Although it was just an announcement the Dexcom (NASDAQ:DXCM) Google collaboration is reverberating throughout the conventional glucose monitoring space. The general consensus from the old guard is that should this collaboration succeed it will be the final nail in the conventional BGM coffin. While Diabetic Investor isn’t sure we would go that far we can understand why these companies are nervous.
Should Dexcom/Google succeed and actually develop a low cost disposable continuous monitoring system it will definitely hurt sales of conventional systems. The key here isn’t the data that such a system would generate rather getting such a system at price parity with a conventional system. Think of it this way if each system costs the same why would any patient opt for a conventional system. Or why would any physician prescribe a conventional system when they know the data generated from a CGM is more valuable.
Frankly Diabetic Investor believes Dexcom/Google has a better than 50% chance of succeeding. Dexcom has already developed a system which delivers readings to a smartphone which eliminates the need for a receiver. The Libre from Abbott (NYSE:ABT) has proven that it’s possible to capture data from a small disposable patch. The problem with the Libre is the exact problem Dexcom/Google must tackle, costs. This really has nothing to do with more advanced technology, that’s just a small piece of the puzzle.
What Dexcom and Google understand is for CGM to go beyond Type 1 patients and insulin using Type 2’s it must penetrate the non-insulin using Type 2 market. That the only way this can happen is having a system priced on par with a conventional system. Then and only then will they have a chance at expanding the CGM market.
Let’s for a moment assume, and yes this can be dangerous, that Dexcom/Google is successful. That they do develop a low cost disposable CGM system. The next question is will non-insulin patients actually use it. On the surface this seems like a no-brainer but as with most things in this wacky world the devil is in the details. First and this may seem obvious but the system has to be easy to use. The reality is non-insulin patients will not tolerate multiple calibrations or insertion devices. Best case would be a sensor that requires no calibration that is put on like a Band-Aid.
Next as valuable as this data is non-insulin patients are not used to having all this data and are unlikely to know what to do with it. There is a reason non-insulin patients are the least frequent testers and it has nothing to do with the so-called pain factor. The reality is most of these patients have no idea what these numbers mean nor is any action step associated with the test. As we noted just the other day insulin using patients can act on this data while non-insulin patients cannot, at least not immediately. What Dexcom/Google has to do is convert this data into patient relevant information not an easy task.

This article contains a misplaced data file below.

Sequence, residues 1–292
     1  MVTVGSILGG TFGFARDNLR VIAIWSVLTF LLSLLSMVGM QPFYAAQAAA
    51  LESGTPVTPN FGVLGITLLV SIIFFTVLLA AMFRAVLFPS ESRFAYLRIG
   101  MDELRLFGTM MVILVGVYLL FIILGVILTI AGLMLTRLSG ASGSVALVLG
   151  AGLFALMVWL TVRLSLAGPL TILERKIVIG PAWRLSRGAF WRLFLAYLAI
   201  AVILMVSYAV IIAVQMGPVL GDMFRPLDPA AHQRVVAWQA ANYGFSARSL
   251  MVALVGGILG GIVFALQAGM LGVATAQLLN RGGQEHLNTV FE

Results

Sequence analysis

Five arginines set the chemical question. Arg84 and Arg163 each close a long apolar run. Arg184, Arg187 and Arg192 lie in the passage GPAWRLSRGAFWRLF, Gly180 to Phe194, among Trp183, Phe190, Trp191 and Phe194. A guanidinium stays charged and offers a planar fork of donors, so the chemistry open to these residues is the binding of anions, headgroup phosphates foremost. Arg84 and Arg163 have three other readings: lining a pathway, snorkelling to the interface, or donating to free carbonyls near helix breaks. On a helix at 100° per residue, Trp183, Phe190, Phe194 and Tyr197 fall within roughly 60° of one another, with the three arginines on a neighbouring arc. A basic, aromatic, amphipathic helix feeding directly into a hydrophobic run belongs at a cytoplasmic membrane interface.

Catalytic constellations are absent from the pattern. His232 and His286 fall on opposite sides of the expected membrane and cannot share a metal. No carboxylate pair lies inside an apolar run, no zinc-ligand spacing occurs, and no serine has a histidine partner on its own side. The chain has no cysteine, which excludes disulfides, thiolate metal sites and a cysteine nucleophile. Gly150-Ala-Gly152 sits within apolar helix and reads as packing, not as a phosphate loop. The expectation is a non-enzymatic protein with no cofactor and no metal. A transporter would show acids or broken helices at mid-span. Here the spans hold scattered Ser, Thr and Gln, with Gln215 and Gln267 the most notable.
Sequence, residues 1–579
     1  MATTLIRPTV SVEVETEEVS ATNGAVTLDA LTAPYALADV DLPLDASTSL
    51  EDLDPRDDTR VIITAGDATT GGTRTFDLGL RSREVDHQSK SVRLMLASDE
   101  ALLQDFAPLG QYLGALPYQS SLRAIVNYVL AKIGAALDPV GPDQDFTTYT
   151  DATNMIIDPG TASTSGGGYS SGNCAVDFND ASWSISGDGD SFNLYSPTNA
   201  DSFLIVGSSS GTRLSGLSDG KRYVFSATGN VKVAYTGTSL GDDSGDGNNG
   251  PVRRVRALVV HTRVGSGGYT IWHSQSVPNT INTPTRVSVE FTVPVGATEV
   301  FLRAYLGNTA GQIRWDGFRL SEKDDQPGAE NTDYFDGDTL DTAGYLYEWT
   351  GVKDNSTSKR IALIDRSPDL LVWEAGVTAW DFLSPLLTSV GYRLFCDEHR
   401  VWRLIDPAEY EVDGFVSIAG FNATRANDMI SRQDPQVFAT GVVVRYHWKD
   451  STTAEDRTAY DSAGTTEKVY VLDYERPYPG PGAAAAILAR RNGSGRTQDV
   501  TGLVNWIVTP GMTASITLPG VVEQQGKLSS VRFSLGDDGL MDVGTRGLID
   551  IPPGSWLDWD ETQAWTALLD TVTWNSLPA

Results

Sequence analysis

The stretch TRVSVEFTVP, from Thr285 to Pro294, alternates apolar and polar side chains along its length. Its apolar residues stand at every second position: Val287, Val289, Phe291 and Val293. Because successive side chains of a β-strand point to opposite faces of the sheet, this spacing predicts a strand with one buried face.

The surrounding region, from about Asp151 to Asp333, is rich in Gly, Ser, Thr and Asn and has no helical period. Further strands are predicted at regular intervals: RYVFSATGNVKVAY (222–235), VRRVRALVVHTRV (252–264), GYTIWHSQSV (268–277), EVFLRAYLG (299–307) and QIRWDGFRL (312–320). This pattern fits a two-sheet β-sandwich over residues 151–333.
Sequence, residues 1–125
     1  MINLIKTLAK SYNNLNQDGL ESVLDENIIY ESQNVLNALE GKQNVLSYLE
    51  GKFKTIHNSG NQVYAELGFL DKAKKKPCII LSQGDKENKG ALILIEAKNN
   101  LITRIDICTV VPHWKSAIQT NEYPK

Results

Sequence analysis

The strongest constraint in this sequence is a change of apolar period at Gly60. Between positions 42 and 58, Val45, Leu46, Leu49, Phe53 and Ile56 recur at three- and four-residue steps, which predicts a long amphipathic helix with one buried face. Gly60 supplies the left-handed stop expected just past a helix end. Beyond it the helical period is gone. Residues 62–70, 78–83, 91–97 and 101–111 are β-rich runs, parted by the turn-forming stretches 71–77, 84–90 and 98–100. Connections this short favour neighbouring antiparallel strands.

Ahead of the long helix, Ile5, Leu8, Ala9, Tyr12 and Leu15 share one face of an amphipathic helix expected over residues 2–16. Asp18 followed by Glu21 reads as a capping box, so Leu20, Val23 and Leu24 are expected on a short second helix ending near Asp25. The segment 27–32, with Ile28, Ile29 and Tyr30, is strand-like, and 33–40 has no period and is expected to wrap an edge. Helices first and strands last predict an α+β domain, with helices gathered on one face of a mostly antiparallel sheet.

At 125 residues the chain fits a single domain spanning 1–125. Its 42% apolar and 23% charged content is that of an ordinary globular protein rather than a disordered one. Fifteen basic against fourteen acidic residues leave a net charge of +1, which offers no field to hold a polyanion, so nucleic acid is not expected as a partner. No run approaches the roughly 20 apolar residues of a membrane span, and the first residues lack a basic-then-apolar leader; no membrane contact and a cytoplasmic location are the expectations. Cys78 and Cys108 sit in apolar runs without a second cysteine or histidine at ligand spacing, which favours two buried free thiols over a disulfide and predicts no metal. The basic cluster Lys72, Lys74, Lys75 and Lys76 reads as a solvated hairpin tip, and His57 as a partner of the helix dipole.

Given that the data from this system will be captured by the patient’s smartphone its likely Dexcom/Google will bring a third party to help convert all this data to information that is relevant to the patient. In effect Dexcom/Google will do what TelCare, Livongo and iHealth does now with their conventional monitors.
Even with these features Diabetic Investor still sees only a minority of non-insulin patients using such a system, at least initially. Perhaps the best to think about this is to acknowledge the wide gap between insulin using patients and non-insulin using patients. Insulin using patients understand this information and therefore value the data, the exact opposite is true for non-insulin using patients. It would be foolish to believe just because non-insulin patients have easy access to this data that they want all this data. This is like asking a high school baseball player to go up against major league pitching and expect them to get hits. Some may able to do it but most cannot.
As much as we hate to jump back on our soapbox what Dexcom/Google needs to do is what the conventional monitor companies didn’t do, educate these patients. Explain to them in language they understand not just what their system does or why the data is valuable rather how this data directly impacts their personal situation. How it can make managing their diabetes easier. How they will be able to live their life with their diabetes and not for their diabetes.
This in essence has been the problem facing every glucose monitoring, conventional or continuous, from day one. How do they engage a huge group of patients, how do they turn them from disinterested bystanders into patients who at least somewhat engaged with their disease state. We have long maintained that testing supplies could be given away for free and it would not get this group of patients to test more. We have also believed glucose tests could be completely painless and that would not increase testing frequency.
Glucose monitoring comes down to getting patients to value data. Getting them to understand not just what these numbers mean but how they can use them to better manage their diabetes and what that means to them individually. This is one reason we have also believed that non-insulin patients need some sort of incentive to get them into the habit of testing. That once they see how this data can directly impact their lives in a positive way the need to be incentivized will go away.
Thankfully we believe Dexcom understands this and with Google’s help they just might be able to do something no one else in glucose monitoring has been able to do, engage non-insulin patients and get them to value this data. For if that does happen then this product will be the final nail in the conventional glucose monitoring coffin and major revenue generator for Dexcom/Google.